Fully Equipped : Firm Matches Buyers With Sellers of Old Machinery

Associated Press

For a Connecticut company that buys and sells used machinery, an aging lathe or blast furnace may be just what the customer ordered.

In its 31 years in business, the Gavlick Machinery Corp. has become a matchmaker of sorts, introducing companies that have equipment to sell to firms that want the goods.

"The whole fact of the matter is finding a buyer and seller and that can be done just as easily with the smaller pieces as with the larger ones," said Nancy E. Gavlick, the company's assistant vice president.

The used machinery market is known for its breadth and Gavlick spans it with divisions specializing in machinery for all kinds of industries: machine tools, video, electrical equipment, plastics, graphic arts, chemicals and data processing, among others.

Gavlick takes several different approaches to matchmaking. Sometimes it purchases equipment cold from companies, knowing that it will be able to find buyers. On other occasions, Gavlick brokers deals between companies or auctions off equipment for firms going out of business or closing plants.

If a machine doesn't suit the specifications of a prospective buyer, Gavlick is also equipped to rehabilitate or redesign it.

"It's as though we're an arm of the client company or a department because we do everything from market research and valuation to even helping them sell their products," said Richard E. Gavlick, the company's president and chief executive officer.

A former machine tool salesman, Gavlick founded the company with his father, Isadore T. Gavlick, in 1957. Now his daughter, Nancy, also works there.

With 16 divisions and a computer database of more than 200,000 possible sellers and buyers around the world, the privately held company prides itself in its ability to tackle tall orders.

For example, the General Electric Co. was seeking to phase out a specialized machinery line for producing wire for electrical conductors at the same time a Chilean copper company wanted to phase one in. Gavlick put the sale together last year, moving General Electric's dip-form line to Metalurgica Coplasa S.A.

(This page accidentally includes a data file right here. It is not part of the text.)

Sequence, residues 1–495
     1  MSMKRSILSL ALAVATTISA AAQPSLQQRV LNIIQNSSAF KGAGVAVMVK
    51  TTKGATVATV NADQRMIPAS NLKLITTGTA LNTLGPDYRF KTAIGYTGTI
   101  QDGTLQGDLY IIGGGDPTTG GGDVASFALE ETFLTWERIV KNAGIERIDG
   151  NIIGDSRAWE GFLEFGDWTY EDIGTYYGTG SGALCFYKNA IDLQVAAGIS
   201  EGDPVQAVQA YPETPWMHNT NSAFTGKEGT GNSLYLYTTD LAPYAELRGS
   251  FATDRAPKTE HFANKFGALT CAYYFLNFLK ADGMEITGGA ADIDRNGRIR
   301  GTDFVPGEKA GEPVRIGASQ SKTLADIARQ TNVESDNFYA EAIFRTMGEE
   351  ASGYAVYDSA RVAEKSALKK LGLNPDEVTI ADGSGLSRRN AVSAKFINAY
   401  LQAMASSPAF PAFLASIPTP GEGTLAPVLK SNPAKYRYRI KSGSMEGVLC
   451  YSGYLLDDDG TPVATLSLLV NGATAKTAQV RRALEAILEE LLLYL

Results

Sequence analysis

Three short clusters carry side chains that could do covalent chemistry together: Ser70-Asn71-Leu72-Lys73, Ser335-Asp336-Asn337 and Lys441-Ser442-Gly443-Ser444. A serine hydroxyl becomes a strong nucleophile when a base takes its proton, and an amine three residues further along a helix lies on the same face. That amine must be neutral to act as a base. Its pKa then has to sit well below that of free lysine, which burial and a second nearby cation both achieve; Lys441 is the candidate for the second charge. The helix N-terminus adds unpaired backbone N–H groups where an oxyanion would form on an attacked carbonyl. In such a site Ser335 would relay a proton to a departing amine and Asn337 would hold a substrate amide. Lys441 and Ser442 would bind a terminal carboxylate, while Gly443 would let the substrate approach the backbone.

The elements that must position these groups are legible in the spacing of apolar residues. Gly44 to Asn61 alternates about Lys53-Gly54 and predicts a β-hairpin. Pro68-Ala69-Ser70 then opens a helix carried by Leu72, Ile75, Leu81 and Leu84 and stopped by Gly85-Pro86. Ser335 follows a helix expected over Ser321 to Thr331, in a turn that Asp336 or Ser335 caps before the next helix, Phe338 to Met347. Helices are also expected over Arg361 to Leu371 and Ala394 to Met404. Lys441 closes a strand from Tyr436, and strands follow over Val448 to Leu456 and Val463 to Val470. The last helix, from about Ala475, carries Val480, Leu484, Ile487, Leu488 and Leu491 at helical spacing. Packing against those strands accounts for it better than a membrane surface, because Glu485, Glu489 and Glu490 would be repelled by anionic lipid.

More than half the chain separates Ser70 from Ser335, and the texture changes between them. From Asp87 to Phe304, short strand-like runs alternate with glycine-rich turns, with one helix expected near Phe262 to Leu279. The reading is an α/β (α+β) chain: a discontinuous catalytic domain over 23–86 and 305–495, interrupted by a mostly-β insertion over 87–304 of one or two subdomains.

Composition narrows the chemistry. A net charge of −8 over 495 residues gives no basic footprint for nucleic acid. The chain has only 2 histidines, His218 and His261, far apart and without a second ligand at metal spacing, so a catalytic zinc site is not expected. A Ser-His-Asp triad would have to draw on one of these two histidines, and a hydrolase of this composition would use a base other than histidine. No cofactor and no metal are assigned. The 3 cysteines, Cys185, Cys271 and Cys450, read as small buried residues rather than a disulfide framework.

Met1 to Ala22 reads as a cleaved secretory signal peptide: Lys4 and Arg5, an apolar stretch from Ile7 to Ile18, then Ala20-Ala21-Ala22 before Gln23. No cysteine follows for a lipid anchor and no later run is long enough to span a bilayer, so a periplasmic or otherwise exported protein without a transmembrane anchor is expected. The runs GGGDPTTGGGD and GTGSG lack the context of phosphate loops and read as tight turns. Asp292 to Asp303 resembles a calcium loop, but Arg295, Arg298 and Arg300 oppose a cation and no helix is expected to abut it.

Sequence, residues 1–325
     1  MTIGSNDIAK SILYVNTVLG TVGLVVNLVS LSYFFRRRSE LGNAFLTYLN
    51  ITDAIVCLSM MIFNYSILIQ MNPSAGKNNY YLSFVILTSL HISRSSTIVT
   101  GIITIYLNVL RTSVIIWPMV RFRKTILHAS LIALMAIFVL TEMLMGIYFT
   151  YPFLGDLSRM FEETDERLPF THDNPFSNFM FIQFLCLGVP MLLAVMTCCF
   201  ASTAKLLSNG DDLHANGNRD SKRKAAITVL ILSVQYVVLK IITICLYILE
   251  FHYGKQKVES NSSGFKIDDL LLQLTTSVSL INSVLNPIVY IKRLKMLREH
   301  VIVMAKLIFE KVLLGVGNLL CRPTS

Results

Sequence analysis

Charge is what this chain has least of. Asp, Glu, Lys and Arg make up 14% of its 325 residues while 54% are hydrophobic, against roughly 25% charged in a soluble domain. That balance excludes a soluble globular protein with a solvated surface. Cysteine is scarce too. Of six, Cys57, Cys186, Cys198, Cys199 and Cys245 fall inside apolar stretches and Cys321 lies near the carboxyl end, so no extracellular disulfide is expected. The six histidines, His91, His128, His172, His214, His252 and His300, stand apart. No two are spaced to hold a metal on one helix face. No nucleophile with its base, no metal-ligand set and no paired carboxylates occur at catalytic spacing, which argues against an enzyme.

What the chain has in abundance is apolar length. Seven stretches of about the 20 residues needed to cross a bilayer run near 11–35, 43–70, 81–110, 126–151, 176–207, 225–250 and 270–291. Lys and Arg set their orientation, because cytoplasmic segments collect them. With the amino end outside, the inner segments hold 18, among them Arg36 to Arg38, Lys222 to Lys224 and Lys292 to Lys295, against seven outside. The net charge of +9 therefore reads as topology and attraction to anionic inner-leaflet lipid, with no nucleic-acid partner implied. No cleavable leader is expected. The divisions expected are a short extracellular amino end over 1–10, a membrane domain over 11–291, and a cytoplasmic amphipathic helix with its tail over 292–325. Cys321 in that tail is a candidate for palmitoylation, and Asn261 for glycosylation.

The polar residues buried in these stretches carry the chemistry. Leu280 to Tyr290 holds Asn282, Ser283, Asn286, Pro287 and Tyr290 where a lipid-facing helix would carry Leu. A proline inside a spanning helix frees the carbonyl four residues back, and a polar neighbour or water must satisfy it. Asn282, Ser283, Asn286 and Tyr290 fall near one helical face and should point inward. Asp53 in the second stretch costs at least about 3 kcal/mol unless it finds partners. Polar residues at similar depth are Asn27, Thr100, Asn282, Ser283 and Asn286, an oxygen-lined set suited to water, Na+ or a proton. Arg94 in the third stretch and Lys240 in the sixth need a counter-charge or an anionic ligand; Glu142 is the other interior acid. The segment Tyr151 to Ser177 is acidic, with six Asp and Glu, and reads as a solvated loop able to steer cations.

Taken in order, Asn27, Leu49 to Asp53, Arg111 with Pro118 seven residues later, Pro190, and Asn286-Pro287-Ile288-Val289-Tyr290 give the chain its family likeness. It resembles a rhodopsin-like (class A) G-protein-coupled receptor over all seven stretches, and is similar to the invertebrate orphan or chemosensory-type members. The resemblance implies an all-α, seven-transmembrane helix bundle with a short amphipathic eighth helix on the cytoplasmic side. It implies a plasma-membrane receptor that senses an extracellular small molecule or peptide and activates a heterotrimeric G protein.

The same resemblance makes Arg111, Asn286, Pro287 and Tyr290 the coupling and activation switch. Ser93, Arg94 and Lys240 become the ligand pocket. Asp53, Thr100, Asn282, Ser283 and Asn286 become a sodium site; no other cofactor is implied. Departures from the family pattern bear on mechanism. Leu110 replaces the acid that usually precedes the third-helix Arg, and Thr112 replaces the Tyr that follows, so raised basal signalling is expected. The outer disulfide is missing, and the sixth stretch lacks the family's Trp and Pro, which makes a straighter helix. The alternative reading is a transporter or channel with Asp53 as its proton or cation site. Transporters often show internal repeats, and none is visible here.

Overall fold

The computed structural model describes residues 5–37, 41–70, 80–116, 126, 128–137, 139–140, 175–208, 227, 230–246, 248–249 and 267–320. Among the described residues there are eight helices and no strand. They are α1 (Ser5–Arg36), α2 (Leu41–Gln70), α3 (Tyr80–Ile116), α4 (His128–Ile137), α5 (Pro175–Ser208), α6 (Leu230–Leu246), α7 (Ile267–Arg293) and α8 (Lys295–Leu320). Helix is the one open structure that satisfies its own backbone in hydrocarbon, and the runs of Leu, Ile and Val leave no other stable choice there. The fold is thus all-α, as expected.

"Chile is one of the most important exporters of copper," Richard Gavlick said. "Metalurgica Coplasa's use of the dip-form line could have a significant impact on the country's copper trade and economy."

But while Gavlick may have helped expand Chile's economy, another deal helped close down a segment of Great Britain's.

In 1981, Gavlick acted as co-agent for the sale of $500 million worth of surplus steel-making equipment that once operated under the banner of the British Steel Corp. The sale, executed over two years, cost workers in 14 steel mills across England their jobs.

Not all Gavlick deals have international consequences and its 500,000-square-foot warehouse in Bristol is overflowing with machinery in all shapes and sizes being rebuilt or awaiting sale. The company also has offices in Miami and Cleckheaton, England.

With about 100 employees at the Bristol headquarters and 40 representatives abroad, the company is ready to strike quickly when opportunity arises, Ms. Gavlick said.

"We're pretty much wide open and ready to go at a moment's notice," said Ms. Gavlick.

Richard J. Callahan, who heads Business Information Services Inc., publisher of newsletters covering the wire, fastener and supplier industries, said Gavlick is able to respond when a business suddenly booms and needs equipment fast.

"When things turn around and you need it in a hurry, they'll have it for you," Callahan said.

The company, which would not disclose any financial figures, has also seen its share of lean economic times. A 1973 fire destroyed its 104,000-square-foot complex in Torrington, Conn., and the downturn of the steel industry during the early 1980s hurt Gavlick, officials said.

Gavlick said the company made a series of purchases in the early 1980s and extended its credit, only to face a shrinking market. He said at the height of the depression in the steel industry, Gavlick sold machinery at a loss just to meet payroll.

He said the steel market is now on the upswing and Gavlick Machinery along with it.

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